1 tbsp butter
3 tbsp light spelt flour
1 cup milk
3 dashes Tabasco
1 can green beans (or tender cooked green beans)
¼ cup shredded Parmesan
½ cup shredded sharp cheddar (or more Parmesan if you prefer)

2 lbs russet or yukon gold potatoes, peeled and quartered
5 cloves garlic, pressed
butter ~ 2-3 tbsp
whole milk ~ ½-¾ cup

sea salt
fresh ground pepper

Begin browning ground beef in a large pan.  Season with salt and pepper.  Add carrot and onion and cook until beef is no longer pink.  Add any leftovers at this point.  Add garlic and mushrooms and cook another minute or two.  Scrape into baking dish and set aside.  (Start boiling the potatoes while making the sauce - 15 minutes.  Lightly salt and pepper the water.)  Preheat oven to 350ºF.

In same pan as the ground beef, melt butter and stir in flour.  Cook for a minute, then slowly add milk.  Whisk and cook for a few minutes until thickened.  Season with salt, pepper and the Tabasco.  Stir in the desired cheeses until melted.  Taste and salt if necessary.  Stir in green beans.  Pour on top of ground beef mixture.  You do not have to combine it.  Just spread it over top.

Drain the potatoes and return to the pot.  Mash with butter and milk, the consistency should be between fluffy and creamy.  More on the creamy side.  Stir in the garlic and season to taste with salt and plenty of pepper.  Spread over the filling, close to the edges.  You don't have to seal it.

Bake at 350ºF for 30 to 40 minutes until the top is lightly browned on the peaks and the sauce is starting to bubble up around the edges.  Remove from the oven and let stand for 15 minutes before cutting.  Serve as a one dish meal or add a side salad of greens or apple carrot slaw.

Wednesday, December 12, 2012

Garlic Ginger Stir Fry (Soy free optional)

I've been trying to be better about meal planning, but I don't seem to have a talent for planning more than two days out.  Remembering to thaw stuff out is not my forté, I'd do better to shop every other day.  At least we have multiple grocery options within ½-5 miles distance.  One of the easiest things to whip up is a stir fry and fortunately for me, hubby and girls would happily eat this three to four times a week.  This is a soy free version but you can also make it with a good tamari or naturally fermented soy sauce.  The miso is a special order but totally worth it for soy allergy sufferers.  It keeps practically forever under refrigeration.  Check out South River Miso Company to see all their offerings.  (I am not affiliated, I just love their product!)  The coconut aminos seems to have gotten better since I started using it a couple years ago.  It is an even closer taste profile to soy sauce, less sweet and more salty than it used to be.  Double check your sauce just in case though, sometimes it can use a hit of salt.  The miso tends to alleviate that need, which is another reason I love it.  This got two thumbs up from hubby.  He said it even beat out chowder and definitely made it to the "happy to take leftovers to work" category.  (A huge portion of the leftovers too!)  ☺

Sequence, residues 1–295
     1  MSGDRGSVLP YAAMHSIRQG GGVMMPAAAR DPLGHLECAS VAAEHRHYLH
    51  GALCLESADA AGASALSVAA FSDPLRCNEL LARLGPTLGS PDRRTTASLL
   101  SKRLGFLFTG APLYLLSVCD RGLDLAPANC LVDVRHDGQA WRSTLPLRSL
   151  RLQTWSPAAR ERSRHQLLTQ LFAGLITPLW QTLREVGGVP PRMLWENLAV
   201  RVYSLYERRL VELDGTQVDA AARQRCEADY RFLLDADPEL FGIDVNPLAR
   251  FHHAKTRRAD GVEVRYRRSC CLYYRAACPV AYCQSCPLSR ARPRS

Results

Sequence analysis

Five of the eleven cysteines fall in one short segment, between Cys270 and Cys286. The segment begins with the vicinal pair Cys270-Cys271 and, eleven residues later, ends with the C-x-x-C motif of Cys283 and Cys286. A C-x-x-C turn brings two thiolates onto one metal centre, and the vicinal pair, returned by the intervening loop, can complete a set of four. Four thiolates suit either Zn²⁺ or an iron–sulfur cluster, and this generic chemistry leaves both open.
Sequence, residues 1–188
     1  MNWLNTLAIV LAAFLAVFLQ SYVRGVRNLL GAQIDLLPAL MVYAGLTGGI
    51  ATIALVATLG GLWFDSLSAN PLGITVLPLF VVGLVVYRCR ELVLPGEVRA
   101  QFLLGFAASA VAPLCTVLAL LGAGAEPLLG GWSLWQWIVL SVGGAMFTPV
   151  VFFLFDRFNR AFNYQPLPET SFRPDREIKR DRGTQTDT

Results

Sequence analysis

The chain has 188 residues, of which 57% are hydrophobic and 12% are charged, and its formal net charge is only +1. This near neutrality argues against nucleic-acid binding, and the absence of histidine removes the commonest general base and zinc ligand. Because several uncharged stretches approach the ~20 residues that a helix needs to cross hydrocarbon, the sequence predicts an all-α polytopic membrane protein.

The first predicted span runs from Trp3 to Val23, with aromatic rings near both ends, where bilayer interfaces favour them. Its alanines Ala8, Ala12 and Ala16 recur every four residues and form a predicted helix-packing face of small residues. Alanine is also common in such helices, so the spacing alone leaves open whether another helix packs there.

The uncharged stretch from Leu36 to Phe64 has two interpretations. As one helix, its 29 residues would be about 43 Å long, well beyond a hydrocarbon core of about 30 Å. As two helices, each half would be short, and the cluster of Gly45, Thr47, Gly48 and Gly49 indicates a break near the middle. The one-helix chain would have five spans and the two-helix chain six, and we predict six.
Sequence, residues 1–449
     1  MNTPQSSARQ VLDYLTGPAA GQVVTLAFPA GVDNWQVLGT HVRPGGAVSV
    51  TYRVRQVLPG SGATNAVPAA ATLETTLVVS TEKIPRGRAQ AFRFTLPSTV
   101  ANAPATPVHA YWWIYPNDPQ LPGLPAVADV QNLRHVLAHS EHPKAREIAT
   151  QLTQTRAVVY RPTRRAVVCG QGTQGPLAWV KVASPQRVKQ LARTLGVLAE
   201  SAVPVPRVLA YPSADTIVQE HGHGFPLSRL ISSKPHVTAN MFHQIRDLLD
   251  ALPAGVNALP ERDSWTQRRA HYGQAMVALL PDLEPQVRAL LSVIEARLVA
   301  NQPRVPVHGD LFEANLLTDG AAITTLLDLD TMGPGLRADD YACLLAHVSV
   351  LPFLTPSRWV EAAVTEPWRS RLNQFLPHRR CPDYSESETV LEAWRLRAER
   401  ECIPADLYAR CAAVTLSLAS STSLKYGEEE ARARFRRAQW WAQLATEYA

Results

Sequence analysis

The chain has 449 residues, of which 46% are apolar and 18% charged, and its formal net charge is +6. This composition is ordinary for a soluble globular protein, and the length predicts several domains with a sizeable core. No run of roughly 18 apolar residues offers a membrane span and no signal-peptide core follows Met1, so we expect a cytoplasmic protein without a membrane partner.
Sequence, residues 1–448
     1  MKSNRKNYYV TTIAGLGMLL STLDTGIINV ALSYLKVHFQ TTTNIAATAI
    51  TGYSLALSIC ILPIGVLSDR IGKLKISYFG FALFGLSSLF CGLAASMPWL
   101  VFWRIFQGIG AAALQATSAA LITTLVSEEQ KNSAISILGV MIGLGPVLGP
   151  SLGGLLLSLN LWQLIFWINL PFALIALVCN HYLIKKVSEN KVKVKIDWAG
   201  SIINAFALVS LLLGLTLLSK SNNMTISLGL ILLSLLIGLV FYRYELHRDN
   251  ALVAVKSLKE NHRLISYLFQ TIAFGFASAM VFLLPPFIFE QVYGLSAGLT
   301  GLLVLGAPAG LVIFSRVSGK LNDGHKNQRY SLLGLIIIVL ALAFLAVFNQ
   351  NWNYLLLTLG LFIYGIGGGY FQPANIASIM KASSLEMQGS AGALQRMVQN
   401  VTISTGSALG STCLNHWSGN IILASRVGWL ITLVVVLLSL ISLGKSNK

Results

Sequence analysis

Garlic Ginger Stir Fry
serves 5-6

1½ pounds boneless skinless chicken breasts, cut in bite sized pieces
sea salt
fresh ground pepper
1 medium onion, sliced
1 red bell pepper, sliced
1 orange bell pepper, sliced
1½ cups sugar snap peas, halved
1 tbsp oil (refined coconut oil is my frying oil of choice)
½ cup Coconut Aminos or soy sauce (I recommend a good naturally fermented tamari for soy version)
1 tbsp South River Chickpea and Barley Miso (optional but awesome for authentic flavor, omit if using soy)
1½ tbsp light brown muscovado sugar (optional)
1 tbsp chili paste 
1 tbsp rice vinegar
2" knob of fresh ginger, peeled, grated with microplane
3 cloves garlic, pressed
2 tsp arrowroot starch

Steamed rice 

In a glass measuring cup combine the coconut aminos or tamari, vinegar, brown sugar, miso if using, chili paste, arrowroot, garlic and ginger.  Mix well and set aside.  Heat the oil in a large skillet over medium high heat.  Season chicken with salt and pepper and fry until lightly browned and done.  Remove from pan to a bowl and set aside.  Add onions and peppers; cook and stir for a minute or two and then add the snap peas.  Cook and stir until veggies are crisp tender or to your liking.  Return the chicken to the pan.  Add the sauce and cook until thickened and everything is nicely coated; one more minute.  Serve over steamed rice.

Wednesday, December 5, 2012

Cheesy Potato Soup

I made this soup once long ago.  It was great except for one thing: Velveeta.  Blech.  It was novel as a child but aside from the horrid ingredient list, it wasn't incredibly palatable.  I mean, it wiggles.  The one thing it excels at though is being creamy.  The stuff doesn't break like regular cheese and roux does.  So the soup was nice and creamy and not grainy like my old favorite cheddar chowder recipe.  And the velveeta flavor mellowed out the next day so leftovers were even better.  But I haven't made it in years because the processed cheese is not an okay ingredient for us.  Until...